In one of the most consequential matters considered by the Maryland General Assembly this year, lawmakers approved a bill sponsored by Gov. Martin O'Malley to raise the state's minimum wage from $7.25 an hour to $10.10 an hour. Though the final measure was substantially weaker than the governor's initial proposal — its implementation was pushed back by two years to the summer of 2018, for example, and it contains no automatic adjustment for inflation — it at least recognized that the present standard is wholly inadequate to keep low-wage workers out of poverty or do much to stimulate the economy with their spending power.
Yet serious as those defects are, they pale in comparison to legislators' neglect of a class of workers whose employers are exempt from the requirement to pay even the current minimum wage. These are workers with developmental disabilities that prevent them from competing successfully in the wider job market and who labor instead in so-called sheltered workplaces or other supportive settings run by nonprofit groups that aim to provide them with a place where they can pursue gainful employment.
Many of these people want to work and derive a sense of personal satisfaction and accomplishment from the money they earn participating in such programs. But under the U.S. Fair Labor Standards Act, employers are allowed to pay disabled workers far less than the federal minimum wage in return for the employment opportunities they provide — a situation critics charge is rife with the potential for exploitation. As The Sun's Alison Knezvich reported last week, at some nonprofit employment centers for the disabled, workers routinely are paid so-called "sub-minimum" wages that can be as low as 25 cents an hour.
The nonprofit groups that run these operations are aware of this problem but say the issue is complex. Indeed, many of the arguments for paying their employees more involve the same complaint raised by opponents to increasing the minimum wage for workers generally: That increased labor costs will force them to cut back on hiring, resulting in their being able to offer fewer jobs overall for disabled workers.
Currently, groups such as Arc of Maryland and Goodwill Industries calculate wages based on a formula that compares their employees' productivity against that of non-disabled workers performing the same tasks. If, for example, a disabled worker can sort or assemble only half as many items per hour as a non-disabled employee, he or she would be paid just half what the non-disabled employee would receive — even if that amount falls below the legal minimum wage.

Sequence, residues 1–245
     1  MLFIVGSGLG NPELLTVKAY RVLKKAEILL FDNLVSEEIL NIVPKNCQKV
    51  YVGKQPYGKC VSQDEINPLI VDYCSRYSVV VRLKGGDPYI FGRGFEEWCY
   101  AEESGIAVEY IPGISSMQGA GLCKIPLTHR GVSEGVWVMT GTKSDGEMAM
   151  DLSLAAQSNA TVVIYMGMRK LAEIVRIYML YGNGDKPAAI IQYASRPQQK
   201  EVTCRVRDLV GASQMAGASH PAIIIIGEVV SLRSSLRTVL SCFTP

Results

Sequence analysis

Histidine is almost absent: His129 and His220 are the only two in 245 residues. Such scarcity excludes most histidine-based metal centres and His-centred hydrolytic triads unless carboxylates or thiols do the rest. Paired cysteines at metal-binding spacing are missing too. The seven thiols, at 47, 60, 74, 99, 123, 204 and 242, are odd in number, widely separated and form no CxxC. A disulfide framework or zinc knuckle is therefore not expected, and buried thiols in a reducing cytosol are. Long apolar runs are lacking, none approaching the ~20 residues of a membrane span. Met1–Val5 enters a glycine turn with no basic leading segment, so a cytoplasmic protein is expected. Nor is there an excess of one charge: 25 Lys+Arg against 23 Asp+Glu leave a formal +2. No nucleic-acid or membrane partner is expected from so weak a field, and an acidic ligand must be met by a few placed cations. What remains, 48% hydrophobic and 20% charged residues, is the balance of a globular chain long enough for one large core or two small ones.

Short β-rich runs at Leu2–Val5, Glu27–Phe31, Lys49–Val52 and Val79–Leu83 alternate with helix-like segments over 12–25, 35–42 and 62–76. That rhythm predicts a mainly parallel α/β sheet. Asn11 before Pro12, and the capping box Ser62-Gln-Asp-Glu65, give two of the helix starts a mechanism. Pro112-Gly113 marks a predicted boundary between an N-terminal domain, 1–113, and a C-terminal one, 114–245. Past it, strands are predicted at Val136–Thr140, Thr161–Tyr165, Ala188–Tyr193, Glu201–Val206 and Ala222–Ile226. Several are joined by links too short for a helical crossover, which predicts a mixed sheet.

Supporters of the formula argue that it isn't exploitative because the nonprofits also provide on-the-job training opportunities, services and support programs that prepare disabled workers to succeed in the wider employment market. But many of these workers never make it that far; instead, they end up in dead-end jobs with low expectations that keep them occupied but never pay more than a pittance for their efforts.
That is why nonprofits that serve the disabled in some states, including Maryland, have already begun moving away from the productivity-based formula for compensating employees. For instance, Arc of Baltimore, which serves about 350 supported disabled employees who work an average 20 hours a week, has phased out the sub-minimum wage for landscape, janitorial and work crew assignments and halted its sheltered workplace program. But the agency still faces challenges providing employment for its most severely disabled clients and it is currently working with other groups to evaluate alternative benefit programs that won't result in its least productive workers losing their jobs.
So far, Vermont is the only state to have succeeded in entirely eliminating the sub-minimum wage for disabled workers, which it accomplished through a process of gradually shutting down its network of sheltered workshops and replacing it with system in which disabled employees work alongside their non-disabled peers at jobs in the community. Maryland could begin a similar transition through direct tax credits to employers who hire disabled workers or by increasing funding to nonprofits that work with the disabled to allow them to partially subsidize jobs in private business.
The precise details will require careful consideration, and the change won't happen overnight. But Maryland should gradually phase out the sub-minimum wage for its disabled workers. There's something wrong about paying people with serious physical and mental challenges just pennies per hour to perform their jobs, no matter how willing they are to do so simply in order to be working.
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